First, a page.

This is part of the grateful series.
My Mom does a lot in the house.
She’s a 1st generation immigrant who began assimilating into North-American culture at 14.
Traditionally, South-Asian women have been expected to run the household, while men were the primary breadwinners. This is, obviously, an outdated cultural tradition. But, that doesn’t mean she was exempt from it.
An unfortunate byproduct of growing up as a first generation is the interplay between her two cultures. One on end, she was expected to go to university and work, much like the other North American kids her age. In parallel, she inherited the traditional culture to support the entire house.
As such, her day-to-day consists of a two full-time jobs.
As I observe my Mom in her day-to-day, I’ve learned a few things. Her grit and persistence in being able to do it all sprouts in her unconditional love for us. I aspire to have this love for my own kids, one day.
Her prioritization of the self is close to zero, for everyone’s priorities live above hers.
I frequently tell her that she needs to learn to be more selfish. I think the best way to be available to others is to first make sure you’re in the best shape. Whether that means physically, mentally, or emotionally: spend time on yourselves so you can be there for others long term.
Now, I know, this sounds super hypocritical; I preach to my Mom that she should spend time on herself, but the obvious rebuttal to it all is: she doesn’t have time.
That leads me to this process.
The motivation behind this process is multi-fold; I try to lay out the reasoning below.
Growing up in a South Asian household, my Mom wouldn’t dare make me do chores. Well, not entirely, but it isn’t far from the truth. It appears this ideology is also deeply rooted in her raising and the culture in the ancestral line.
It may be cultural, but I think a large component is her inability to stomach offloading work to her kids. I think her motherly instinct still views me as a child, someone who is entirely dependent and incapable of helping.
As a kid, I thought this was great. As I’ve grown, I’ve noticed this as problematic for a few reasons.
I’ve been invested in this process for the last few years. I believe the start of manhood is the desire for responsibility. I want to do all the physical work in the house and alleviate as much as I can off of my parents.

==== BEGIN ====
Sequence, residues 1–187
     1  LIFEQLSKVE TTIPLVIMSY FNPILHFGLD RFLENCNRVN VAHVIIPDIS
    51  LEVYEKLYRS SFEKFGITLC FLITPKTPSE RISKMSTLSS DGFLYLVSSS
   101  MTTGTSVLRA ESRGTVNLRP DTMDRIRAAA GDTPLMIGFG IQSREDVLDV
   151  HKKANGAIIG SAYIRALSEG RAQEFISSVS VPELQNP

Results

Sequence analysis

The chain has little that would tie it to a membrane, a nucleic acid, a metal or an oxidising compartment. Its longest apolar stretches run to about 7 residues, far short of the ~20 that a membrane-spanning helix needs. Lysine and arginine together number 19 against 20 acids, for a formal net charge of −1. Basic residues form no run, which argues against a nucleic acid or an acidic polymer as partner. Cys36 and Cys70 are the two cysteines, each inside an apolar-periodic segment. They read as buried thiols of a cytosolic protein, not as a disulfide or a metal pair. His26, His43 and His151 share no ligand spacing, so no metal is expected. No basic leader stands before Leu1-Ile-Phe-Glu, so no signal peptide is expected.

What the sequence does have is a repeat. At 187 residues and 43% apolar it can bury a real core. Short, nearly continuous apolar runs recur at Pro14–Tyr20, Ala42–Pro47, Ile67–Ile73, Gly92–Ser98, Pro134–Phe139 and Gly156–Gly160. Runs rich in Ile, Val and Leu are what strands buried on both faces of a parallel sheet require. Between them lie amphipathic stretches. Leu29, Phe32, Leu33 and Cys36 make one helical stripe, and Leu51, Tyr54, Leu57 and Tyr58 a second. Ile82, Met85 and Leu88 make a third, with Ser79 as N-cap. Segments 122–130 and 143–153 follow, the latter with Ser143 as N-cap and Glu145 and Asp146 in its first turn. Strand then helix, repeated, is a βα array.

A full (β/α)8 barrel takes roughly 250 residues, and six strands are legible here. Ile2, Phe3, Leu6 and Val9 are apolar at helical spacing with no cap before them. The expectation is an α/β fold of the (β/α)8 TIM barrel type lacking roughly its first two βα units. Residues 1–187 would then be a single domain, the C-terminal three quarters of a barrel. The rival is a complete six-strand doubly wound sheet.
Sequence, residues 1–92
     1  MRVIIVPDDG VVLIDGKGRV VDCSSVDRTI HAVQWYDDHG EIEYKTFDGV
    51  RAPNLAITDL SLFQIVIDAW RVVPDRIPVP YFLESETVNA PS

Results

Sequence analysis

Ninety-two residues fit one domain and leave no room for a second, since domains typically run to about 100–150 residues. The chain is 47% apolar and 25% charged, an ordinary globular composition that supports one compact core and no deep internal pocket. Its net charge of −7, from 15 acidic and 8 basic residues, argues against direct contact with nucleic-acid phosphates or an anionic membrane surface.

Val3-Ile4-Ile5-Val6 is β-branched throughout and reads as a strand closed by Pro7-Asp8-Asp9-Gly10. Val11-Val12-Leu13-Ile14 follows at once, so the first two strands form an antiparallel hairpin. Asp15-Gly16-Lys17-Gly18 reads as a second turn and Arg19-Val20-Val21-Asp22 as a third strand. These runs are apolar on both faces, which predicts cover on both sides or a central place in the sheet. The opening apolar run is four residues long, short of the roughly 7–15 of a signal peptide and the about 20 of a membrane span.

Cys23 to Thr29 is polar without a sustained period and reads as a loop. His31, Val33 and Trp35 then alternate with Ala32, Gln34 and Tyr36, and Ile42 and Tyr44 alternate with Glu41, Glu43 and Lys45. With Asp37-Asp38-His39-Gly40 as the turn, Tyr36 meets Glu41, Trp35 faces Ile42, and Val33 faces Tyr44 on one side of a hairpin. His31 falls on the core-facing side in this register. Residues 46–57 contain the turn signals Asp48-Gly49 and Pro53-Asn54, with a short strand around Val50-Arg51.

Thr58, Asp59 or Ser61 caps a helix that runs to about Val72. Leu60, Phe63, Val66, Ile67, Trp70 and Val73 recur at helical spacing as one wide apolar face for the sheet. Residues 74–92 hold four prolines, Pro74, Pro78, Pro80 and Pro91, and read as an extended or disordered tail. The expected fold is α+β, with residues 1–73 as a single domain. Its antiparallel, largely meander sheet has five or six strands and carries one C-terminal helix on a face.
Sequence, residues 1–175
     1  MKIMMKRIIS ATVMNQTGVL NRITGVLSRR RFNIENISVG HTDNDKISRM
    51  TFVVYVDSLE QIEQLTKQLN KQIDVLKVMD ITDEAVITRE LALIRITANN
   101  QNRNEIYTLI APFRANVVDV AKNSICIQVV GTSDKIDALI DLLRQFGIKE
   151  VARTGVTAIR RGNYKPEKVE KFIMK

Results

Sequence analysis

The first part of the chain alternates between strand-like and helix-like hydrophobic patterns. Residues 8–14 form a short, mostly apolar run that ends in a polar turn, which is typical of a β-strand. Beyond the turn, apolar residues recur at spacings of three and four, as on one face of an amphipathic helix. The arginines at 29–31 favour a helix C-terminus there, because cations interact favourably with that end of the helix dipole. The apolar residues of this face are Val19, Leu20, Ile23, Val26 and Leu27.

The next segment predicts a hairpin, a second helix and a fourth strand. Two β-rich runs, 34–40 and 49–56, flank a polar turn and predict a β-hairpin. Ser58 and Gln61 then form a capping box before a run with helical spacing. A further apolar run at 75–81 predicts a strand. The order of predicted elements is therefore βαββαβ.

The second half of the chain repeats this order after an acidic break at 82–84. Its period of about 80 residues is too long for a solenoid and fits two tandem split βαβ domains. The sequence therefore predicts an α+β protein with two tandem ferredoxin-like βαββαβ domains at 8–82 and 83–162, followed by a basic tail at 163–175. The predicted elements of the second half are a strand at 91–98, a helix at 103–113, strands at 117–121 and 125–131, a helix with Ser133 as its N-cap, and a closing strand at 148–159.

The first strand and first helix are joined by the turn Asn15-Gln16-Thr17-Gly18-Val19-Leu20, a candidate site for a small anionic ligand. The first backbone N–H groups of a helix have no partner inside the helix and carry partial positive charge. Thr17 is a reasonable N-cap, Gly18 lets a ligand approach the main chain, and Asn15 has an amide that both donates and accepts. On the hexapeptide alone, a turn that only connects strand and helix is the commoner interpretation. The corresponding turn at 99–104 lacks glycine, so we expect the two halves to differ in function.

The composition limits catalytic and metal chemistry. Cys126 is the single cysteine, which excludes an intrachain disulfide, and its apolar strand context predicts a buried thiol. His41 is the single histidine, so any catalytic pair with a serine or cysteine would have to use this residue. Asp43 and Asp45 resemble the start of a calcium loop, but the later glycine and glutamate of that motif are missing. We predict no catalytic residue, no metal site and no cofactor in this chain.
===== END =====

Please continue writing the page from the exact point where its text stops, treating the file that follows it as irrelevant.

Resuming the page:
In the last year I’ve slowly taken ownership over my own food. I prepare most of my meals for the week. I think I’ve solidified process there, so it’s time to look for new opportunities.
Having been at home for sustained periods of time, my Mom has been cleaning more dishes.
I decided I can help out in that department.
Now, here’s where process comes in. Creating new habits is hard. If I decide that “I’m going to do the dishes from now on”, it simply won’t work. We’re human, so the first sight of adversity is often the exit of motivation.
Instead, I try to devise process to be there when my motivation isn’t. Process to ensure I stick with it, even when I’m not inclined to.
So, here’s the process I’ve developed.
I’ve put aside a single plate, a single bowl, a single spoon, a single knife and a single fork.
I’ll eat using only these particular utensils.
Unless I decide to eat using dirty dishes, the idea is simple. Wash the dishes after use, or before next use.
Thus far, I’ve been able to wash everything immediately. The process seems to have stuck, and it’s quite painless.
I’ve added at most 3 to 4 minutes of latency to the mealtime, and I’ve been able to alleviate my Mom of a non-trivial amount of dishes per day.
We often get used to the roles in a relationship and how they’re defined. Living in my house, I’ve never thought to question responsibilities and how they’re divided.
Overtime, the responsibilities are cemented and everyone expects things to remain the same. This is problematic when you have someone like my Mom, who would end up taking on more responsibility if it meant her kids didn’t need to do anything.
Parenting is such an interesting stage of life. Her love is so immense that she’s willing to take on all this responsibility. She may not realize that her doing this is less beneficial to our long-term growth. That’s the paradox of parenting, sometimes the best thing for your kids is tough-love –– maybe?
Another example, for instance, is in a relationship between two people. One person is often deemed the driver. This is a responsibility, and ideally, should be shared. It’s taxing on the individual.
Action: Take the time out of your day to question how the responsibilities in your relationships are divided. Try to improve the status quo.